Why can not most organ donors be organ donors?
Organ donors must be required to die in a hospital. Donors in brain death must die, in particular, in Critical Care units that have the technical means necessary to artificially maintain pulmonary ventilation and donor circulation. When all legal criteria for brain death are met, it is possible to declare and certify the death of a person who maintains blood circulation and the functioning of some organs because he is connected to an artificial respirator and receives the necessary medication to maintain cardiac function (vasopressor medication) .
The diagnosis of brain death requires that three doctors, other than those who will participate in the extraction or transplant, Check for complete absence of brain response by examination of trunk-brain reflexes and instrumental demonstration of complete destruction of the brain. In these circumstances, the organs remain perfused and oxygenated until the moment of extraction in the operating room. With these requirements can only be organ donors between 1 and 2% of all those killed in a hospital.
In asystole donors, the death is due to an irreversible cardiorespiratory arrest despite advanced resuscitation maneuvers. In these cases the perfusion of some organs is maintained until the moment of the extraction by means of perfusion and cooling with the aid of a sophisticated technology.
What changes in the external appearance causes the extraction of organs?
Surgery that allows the removal of organs from a deceased person for transplantation is performed in a regulated manner in the operating room as other operations of gallbladder, appendicitis or heart and always with the utmost respect to the body of the deceased. After removal of organs, the external appearance of the deceased does not change appreciably and only a sutured scar remains on the skin of the thorax and abdomen.
In the case of tissue donors such as corneas or bones, prostheses are placed to recover volume or firmness after extraction.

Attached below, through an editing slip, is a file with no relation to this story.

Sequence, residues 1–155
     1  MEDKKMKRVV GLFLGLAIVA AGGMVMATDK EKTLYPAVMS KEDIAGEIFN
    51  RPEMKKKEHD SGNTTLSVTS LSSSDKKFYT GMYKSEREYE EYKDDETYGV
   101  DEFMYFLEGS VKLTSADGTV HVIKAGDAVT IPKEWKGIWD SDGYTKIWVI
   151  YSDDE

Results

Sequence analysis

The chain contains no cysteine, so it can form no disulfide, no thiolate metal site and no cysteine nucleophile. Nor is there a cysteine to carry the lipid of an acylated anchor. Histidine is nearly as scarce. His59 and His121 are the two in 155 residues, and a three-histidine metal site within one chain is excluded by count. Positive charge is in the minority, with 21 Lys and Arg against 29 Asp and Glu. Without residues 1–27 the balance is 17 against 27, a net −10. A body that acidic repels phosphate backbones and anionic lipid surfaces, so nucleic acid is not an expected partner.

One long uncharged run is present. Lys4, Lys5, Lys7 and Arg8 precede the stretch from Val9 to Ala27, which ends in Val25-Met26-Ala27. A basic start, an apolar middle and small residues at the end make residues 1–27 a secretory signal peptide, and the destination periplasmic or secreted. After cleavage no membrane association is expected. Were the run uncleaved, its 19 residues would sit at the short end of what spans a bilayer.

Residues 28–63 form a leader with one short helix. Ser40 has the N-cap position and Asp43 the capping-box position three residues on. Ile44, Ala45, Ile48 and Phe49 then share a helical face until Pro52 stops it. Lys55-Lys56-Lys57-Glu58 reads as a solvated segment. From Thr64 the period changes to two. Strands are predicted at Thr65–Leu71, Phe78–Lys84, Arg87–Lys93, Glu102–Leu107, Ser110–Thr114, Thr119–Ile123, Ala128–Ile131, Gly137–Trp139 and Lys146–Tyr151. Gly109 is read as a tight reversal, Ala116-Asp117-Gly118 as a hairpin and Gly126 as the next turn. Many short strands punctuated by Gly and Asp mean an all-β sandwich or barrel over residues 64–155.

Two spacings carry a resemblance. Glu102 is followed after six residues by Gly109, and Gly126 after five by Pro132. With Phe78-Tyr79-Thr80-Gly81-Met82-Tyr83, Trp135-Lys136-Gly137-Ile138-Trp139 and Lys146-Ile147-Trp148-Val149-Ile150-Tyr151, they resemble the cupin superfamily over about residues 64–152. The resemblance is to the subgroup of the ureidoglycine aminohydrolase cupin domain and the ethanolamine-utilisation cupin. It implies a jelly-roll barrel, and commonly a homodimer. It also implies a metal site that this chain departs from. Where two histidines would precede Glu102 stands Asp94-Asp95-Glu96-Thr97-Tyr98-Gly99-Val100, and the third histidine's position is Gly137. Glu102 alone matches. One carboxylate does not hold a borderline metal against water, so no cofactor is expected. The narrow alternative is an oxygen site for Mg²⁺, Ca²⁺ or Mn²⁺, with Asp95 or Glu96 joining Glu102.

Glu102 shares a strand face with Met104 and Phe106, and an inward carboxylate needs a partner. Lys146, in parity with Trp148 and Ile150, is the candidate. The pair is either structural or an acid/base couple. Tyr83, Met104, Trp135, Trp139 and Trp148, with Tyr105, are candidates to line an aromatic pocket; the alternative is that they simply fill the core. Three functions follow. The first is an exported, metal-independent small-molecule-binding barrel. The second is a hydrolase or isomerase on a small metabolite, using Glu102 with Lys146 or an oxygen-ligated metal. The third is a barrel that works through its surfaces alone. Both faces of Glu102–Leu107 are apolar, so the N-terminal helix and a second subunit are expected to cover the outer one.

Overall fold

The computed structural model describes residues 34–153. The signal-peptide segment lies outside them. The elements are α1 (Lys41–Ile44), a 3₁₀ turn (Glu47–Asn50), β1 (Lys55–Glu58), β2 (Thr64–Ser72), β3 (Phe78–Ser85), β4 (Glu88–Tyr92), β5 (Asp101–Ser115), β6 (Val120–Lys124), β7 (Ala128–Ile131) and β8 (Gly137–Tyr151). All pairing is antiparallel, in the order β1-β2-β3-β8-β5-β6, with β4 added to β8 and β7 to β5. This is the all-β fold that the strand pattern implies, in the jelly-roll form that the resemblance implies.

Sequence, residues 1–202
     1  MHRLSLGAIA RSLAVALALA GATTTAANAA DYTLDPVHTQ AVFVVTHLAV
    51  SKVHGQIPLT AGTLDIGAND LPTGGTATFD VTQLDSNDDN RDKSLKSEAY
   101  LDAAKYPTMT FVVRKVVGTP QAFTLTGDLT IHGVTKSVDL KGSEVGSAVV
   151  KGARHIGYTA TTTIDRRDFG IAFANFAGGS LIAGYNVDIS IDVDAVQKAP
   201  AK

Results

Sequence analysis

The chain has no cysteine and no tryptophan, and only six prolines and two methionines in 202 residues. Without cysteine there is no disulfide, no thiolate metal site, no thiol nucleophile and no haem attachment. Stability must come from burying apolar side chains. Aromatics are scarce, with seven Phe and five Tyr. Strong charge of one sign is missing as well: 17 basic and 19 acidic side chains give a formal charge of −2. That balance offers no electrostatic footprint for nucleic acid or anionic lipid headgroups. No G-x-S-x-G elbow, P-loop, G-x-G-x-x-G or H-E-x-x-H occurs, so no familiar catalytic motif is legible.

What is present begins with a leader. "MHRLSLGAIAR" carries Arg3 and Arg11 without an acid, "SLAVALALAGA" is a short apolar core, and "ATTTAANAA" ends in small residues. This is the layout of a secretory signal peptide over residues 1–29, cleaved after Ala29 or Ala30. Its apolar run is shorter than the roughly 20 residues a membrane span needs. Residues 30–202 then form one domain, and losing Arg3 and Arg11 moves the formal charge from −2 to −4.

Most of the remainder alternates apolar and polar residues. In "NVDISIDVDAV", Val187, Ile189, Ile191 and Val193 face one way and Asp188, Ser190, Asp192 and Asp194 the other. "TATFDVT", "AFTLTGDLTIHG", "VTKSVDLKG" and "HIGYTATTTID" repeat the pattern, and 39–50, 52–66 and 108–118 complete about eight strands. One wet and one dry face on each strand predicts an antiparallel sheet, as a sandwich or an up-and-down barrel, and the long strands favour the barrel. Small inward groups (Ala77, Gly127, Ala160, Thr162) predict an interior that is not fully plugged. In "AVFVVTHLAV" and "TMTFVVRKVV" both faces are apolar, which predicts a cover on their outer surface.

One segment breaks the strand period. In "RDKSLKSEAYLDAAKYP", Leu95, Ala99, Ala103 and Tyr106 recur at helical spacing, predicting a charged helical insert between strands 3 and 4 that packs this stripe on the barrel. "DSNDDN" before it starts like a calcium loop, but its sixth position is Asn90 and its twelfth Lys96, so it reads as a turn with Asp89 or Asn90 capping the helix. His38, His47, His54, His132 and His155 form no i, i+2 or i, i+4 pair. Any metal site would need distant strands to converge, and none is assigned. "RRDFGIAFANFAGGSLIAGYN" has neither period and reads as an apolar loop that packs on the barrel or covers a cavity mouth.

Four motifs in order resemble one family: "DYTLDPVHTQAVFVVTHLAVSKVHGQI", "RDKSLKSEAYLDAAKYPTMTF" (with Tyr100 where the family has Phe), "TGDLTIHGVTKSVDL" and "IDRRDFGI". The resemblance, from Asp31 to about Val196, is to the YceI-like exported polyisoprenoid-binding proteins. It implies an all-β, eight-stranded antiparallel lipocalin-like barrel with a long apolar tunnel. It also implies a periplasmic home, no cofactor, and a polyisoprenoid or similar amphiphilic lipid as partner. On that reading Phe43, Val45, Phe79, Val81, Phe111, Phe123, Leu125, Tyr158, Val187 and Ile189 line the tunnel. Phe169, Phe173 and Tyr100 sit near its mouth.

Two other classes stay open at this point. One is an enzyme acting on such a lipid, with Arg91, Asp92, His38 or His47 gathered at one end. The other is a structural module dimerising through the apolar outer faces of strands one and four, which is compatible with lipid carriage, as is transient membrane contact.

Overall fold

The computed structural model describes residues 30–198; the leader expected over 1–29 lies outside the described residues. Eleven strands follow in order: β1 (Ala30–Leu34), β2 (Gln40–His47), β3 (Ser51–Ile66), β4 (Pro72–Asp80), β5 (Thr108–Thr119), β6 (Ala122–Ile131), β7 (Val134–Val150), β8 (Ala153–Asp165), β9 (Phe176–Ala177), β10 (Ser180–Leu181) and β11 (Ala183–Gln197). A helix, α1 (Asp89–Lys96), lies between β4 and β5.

How long does the removal of organs last?
The extraction of organs has a variable duration depending on the type and characteristics of donated organs and tissues. Usually it oscillates between 3 and 6 hours.
How long can the organs removed be kept before the transplant?
It depends on the conditions of the donor and the type of organ. The kidney can be kept in good condition, kept cold, up to thirty-six hours. Heart and lungs can only be maintained for about six hours. Liver and pancreas arrive up to about twelve hours. But, in any case, one should try to keep the extracted organ waiting to be implanted in the shortest possible time.
The tissues have different maintenance, some of which can be frozen and kept viable for years; Such is bone, ligaments, cartilage and skin. The corneas are valid for transplantation up to ten days, provided they have been kept in the appropriate medium and at 4º C. The bone marrow can also be frozen and preserved for periods ranging from days to weeks.
These intervals are very important, because they limit the time available to select the best receiver from all who wait, which is sometimes found in other hospitals thousands of miles away.